Just a month after spinning out of Fiat Chrysler Automobiles, shareholders in Ferrari have collided with reality. The stock fell around 13 percent on Feb. 2 after boss Sergio Marchionne predicted weak growth for 2016. Ferrari is still a great brand, but investors were wrong to believe Marchionne’s luxury spin.
Despite falling almost a third so far this year, Ferrari shares look expensive: they now trade on a 2016 price-to-earnings multiple of more than 19, more than twice German premium carmakers Daimler and BMW, Eikon data show. Such a rating might befit a well-established luxury goods company, but Ferrari isn’t that. At 16.6 percent of sales, its operating profit margin adjusted for one-offs is decent, but not much better than Volkswagen’s Porsche brand – which has six times the revenue.
Faltering top-line growth is what really highlights Marchionne’s earlier hubris and investors’ excessive credulity. Porsche, by way of comparison, sold 19 percent more vehicles in 2015 than the year before – three times the increase Ferrari managed. And for 2016, the Italian group is expecting volume growth of just around three percent. China is partly to blame: shipments dropped by 22 percent and the crumpling of the Chinese stock market definitely did not help.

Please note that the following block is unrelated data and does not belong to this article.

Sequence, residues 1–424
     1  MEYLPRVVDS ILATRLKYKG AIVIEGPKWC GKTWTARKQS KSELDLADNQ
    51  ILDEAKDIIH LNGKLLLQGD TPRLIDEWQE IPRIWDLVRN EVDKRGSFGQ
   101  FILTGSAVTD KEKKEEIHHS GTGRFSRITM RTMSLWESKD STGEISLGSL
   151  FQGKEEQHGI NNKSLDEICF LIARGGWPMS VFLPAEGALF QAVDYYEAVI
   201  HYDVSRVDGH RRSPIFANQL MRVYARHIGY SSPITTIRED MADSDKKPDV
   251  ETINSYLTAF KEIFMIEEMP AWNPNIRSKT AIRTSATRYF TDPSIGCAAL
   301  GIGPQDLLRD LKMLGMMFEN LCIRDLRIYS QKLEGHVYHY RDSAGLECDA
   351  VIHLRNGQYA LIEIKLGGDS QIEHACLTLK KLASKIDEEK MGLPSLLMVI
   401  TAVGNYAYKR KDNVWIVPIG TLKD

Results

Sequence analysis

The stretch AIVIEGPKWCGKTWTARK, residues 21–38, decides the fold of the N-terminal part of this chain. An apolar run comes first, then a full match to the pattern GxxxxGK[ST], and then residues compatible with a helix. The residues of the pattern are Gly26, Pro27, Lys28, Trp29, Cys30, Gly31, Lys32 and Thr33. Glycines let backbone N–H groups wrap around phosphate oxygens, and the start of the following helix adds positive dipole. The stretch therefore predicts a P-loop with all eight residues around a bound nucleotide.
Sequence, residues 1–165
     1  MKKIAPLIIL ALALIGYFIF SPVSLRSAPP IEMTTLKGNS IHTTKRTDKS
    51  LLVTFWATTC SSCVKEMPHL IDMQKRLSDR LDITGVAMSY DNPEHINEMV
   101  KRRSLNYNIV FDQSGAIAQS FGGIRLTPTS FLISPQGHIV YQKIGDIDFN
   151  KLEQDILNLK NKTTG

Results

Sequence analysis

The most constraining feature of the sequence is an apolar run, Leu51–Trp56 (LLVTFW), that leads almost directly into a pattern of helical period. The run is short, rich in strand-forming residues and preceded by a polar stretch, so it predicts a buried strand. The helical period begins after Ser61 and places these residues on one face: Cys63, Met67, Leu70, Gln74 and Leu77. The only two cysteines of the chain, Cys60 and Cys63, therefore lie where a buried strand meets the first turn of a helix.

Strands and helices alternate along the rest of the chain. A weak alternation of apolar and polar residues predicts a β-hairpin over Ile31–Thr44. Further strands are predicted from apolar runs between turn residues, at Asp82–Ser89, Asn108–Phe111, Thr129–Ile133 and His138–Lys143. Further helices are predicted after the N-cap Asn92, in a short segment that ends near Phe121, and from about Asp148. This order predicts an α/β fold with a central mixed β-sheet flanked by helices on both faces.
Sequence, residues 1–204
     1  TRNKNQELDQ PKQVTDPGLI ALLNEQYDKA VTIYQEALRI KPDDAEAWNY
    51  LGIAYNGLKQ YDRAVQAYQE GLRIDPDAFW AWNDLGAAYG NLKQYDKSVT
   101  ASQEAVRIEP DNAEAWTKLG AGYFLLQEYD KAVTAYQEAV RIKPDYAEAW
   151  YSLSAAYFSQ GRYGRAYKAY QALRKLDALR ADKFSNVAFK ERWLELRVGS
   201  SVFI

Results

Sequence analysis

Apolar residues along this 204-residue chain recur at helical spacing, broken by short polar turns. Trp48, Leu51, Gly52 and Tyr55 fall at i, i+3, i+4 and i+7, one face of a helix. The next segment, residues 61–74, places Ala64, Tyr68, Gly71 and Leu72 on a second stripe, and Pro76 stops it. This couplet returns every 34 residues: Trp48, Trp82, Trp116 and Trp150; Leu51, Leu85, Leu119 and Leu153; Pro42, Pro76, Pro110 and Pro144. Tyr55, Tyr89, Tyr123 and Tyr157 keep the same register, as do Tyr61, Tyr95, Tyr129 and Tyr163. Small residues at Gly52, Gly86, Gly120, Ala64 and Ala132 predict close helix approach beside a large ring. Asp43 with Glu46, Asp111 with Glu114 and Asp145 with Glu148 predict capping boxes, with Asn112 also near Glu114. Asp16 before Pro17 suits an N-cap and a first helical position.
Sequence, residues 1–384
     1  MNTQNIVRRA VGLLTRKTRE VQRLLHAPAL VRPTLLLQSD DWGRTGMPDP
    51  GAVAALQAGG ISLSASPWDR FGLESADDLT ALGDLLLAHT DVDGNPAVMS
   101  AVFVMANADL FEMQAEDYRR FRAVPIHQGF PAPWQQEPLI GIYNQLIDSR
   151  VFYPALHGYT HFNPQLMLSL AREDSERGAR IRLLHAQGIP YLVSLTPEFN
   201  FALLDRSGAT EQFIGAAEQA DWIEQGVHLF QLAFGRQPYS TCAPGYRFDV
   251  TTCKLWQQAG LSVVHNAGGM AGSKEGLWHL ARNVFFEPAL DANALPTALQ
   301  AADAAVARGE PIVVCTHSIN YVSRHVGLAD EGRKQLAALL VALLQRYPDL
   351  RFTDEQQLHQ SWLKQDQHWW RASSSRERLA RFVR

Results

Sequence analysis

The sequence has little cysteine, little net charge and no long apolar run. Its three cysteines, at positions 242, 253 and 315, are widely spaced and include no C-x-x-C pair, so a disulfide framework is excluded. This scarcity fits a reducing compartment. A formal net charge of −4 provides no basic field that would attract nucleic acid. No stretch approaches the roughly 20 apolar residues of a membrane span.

The chairman thinks the number of Ferraris he can sell in a year could potentially rise by 30 percent to 10,000. That sounds rich. Porsche’s stellar growth shows that a brand can be successfully expanded. But it will be tough to balance exclusivity with expansion. The premium pricing of the cars, which start at $188,425 according to TrueCar data, hinges on their scarcity as well as relatively high second-hand values.
Even in a best case scenario, this requires a lot of time, investment and careful management – and more importantly, a lower valuation. Marchionne is one of the industry’s most accomplished executives, but pitching Ferrari as a luxury stock leaves some points on his license.